How To Use Scales For Improvising On The Guitar

Published on 26 January 2016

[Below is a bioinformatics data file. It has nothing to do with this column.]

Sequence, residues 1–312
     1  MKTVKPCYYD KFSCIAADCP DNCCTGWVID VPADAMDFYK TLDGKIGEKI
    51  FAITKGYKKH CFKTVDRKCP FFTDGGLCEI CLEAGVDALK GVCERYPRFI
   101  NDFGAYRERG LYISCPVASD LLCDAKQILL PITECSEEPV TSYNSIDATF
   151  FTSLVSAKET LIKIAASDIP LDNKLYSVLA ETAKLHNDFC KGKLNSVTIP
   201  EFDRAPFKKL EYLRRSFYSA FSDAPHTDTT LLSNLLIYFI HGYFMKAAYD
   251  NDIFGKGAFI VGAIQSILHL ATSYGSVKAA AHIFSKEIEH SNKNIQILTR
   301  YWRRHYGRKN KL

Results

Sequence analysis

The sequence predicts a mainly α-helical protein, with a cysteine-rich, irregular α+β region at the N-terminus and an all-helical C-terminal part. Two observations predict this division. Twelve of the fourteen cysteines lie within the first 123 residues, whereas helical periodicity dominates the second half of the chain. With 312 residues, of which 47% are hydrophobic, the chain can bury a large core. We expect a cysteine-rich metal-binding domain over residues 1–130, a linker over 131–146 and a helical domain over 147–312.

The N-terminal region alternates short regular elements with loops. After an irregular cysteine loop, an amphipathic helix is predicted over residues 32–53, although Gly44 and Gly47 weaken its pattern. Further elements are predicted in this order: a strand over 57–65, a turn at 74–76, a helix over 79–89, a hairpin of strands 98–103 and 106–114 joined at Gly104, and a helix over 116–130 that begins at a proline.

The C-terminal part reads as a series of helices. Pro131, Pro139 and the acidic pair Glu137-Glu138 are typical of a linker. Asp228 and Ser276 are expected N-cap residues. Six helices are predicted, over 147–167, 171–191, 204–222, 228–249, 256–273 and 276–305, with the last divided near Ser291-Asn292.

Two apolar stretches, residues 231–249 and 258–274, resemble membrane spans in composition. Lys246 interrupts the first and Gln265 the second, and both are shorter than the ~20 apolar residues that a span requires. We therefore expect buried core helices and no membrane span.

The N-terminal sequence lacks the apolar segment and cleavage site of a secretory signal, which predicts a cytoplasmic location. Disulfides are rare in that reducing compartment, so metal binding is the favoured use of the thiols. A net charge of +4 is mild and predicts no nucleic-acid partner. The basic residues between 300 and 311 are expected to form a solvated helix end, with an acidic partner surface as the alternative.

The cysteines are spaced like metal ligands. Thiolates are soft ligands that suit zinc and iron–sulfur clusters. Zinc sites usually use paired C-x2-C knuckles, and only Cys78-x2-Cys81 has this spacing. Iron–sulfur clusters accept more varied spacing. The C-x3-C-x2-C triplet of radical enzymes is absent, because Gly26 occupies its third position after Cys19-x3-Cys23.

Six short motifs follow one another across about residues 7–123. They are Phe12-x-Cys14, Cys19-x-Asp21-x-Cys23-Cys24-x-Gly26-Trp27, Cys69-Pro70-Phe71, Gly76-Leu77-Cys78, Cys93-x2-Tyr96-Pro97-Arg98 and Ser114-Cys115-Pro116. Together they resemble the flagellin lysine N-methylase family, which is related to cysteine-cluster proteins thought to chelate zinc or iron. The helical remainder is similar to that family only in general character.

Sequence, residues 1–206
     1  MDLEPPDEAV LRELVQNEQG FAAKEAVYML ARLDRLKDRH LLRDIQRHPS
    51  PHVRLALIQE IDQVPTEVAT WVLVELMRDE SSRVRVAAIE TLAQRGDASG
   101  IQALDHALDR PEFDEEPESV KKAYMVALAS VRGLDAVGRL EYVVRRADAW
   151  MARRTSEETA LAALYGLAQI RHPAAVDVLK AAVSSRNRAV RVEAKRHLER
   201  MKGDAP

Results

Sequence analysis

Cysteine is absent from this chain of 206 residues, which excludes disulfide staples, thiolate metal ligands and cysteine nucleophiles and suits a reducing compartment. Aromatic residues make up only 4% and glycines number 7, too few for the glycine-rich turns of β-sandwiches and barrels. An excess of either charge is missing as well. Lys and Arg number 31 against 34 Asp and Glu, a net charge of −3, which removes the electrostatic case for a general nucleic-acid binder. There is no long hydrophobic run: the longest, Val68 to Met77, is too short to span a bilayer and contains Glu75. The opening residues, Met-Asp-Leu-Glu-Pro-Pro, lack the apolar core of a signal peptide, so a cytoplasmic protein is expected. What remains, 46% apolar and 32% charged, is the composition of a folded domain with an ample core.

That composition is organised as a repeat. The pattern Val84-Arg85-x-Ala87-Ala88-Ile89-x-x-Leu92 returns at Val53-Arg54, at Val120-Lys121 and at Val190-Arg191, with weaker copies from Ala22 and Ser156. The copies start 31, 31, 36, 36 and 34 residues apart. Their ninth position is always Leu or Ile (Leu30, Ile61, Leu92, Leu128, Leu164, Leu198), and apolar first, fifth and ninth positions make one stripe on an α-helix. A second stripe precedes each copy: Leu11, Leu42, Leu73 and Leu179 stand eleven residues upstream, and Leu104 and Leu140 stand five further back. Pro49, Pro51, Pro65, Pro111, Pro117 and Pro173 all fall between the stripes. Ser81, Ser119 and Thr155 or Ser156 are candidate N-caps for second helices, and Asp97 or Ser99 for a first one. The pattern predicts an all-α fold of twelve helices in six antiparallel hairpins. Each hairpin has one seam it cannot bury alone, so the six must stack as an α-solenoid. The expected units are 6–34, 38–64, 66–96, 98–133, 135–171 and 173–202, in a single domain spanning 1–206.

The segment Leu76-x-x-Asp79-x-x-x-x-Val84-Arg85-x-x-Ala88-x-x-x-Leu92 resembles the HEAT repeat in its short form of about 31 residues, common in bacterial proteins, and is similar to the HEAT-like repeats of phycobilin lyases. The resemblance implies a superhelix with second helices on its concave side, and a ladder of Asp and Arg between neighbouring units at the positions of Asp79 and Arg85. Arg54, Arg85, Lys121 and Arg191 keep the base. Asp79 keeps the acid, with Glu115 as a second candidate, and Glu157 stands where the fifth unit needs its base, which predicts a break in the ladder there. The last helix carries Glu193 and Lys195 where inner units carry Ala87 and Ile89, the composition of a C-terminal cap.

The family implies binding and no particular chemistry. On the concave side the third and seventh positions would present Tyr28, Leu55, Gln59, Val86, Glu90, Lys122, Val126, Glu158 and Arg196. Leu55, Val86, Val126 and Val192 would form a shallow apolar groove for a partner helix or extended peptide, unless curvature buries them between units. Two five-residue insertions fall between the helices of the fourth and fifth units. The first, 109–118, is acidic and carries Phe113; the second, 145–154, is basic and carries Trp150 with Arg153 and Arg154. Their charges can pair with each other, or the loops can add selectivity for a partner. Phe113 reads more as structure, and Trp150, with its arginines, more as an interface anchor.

If you would like to gain full access to all our Guitar Teaching Materials please visit the Secret Guitar Teacher Site and take a free tour: Here's the Video Transcript: I often hear from guitar students who have studied and drilled scale patterns and then felt disappointed when playing these scales against a backing track doesn't result in a great sounding guitar solo. So what are the missing steps between learning scale patterns and playing brilliant sounding solos? Well, we touched on the key steps briefly in the previous Sound Bite. In this lesson we'll fill in a bit more detail. The first major goal is to drill the scales enough to be able to play them without any conscious thought. And a great way to do that is to try what I call the 'Breakfast Test'. Can you play fluently, and rhythmically up and down the scale patterns whilst telling me what you had for breakfast this morning? Something like this. The point is that when you are soloing you need to have all your attention on listening to the notes you play and how they fit in with the underlying rhythm you are playing against. If you still need to think about playing the pattern, then you won't have enough spare attention for this degree of careful listening. Let's assume you have passed the Breakfast test and want to move on to the next step. Well the next step is best done against a backing track. I'll use this 12 bar blues in A backing track which is at the top of the list of audio tracks available to members of the Secret Guitar Teacher Site. First, listen to the track and pinpoint where the main beat comes .Then play notes at random from the scale in short phrases of two or three notes that end on the beat like this. To begin with, concentrate on rhythmic accuracy alone, although you will probably notice that some notes work better than others in terms of how they harmonise with the chords on the backing track. Once you are relaxed about playing phrases in time with that main beat, then you need to begin to get more critical with the choice of your phrase-end notes. I want to emphasise here that the notes at the start of the phrase are less important, but the note you end a phrase on need careful attention. Try and home in on notes that sound neat - notes that resolve with the backing. If a note sounds wrong, simply keep moving on the scale - the next note will almost always sound better keep listening and correcting as you go. And with a few hours of practicing like this you will develop a knack of phrasing perfectly over the chord changes and your playing will sound both in time and in tune with the backing track. Of course we are still a way off playing a great solo, but before taking off, it is vital to know where the safe ground is and this exercise establishes that for you. By helping you develop the confidence to be able to 'play safe' when necessary. In the next Sound Bite, we'll show you how to add colour to your playing, by introducing some techniques and developing some licks. On the Secret Guitar Teacher Site you'll find a wealth of resources designed to help you with each of these stages of lead guitar development. If you found this little video useful, please click on the ‘Like’ button if there is one, or leave a comment, and do feel free to share the video with your friends. And if you’d like to gain full access to all our guitar teaching materials please visit the Secret Guitar Teacher website and take a free look round at what’s available there. See you again soon!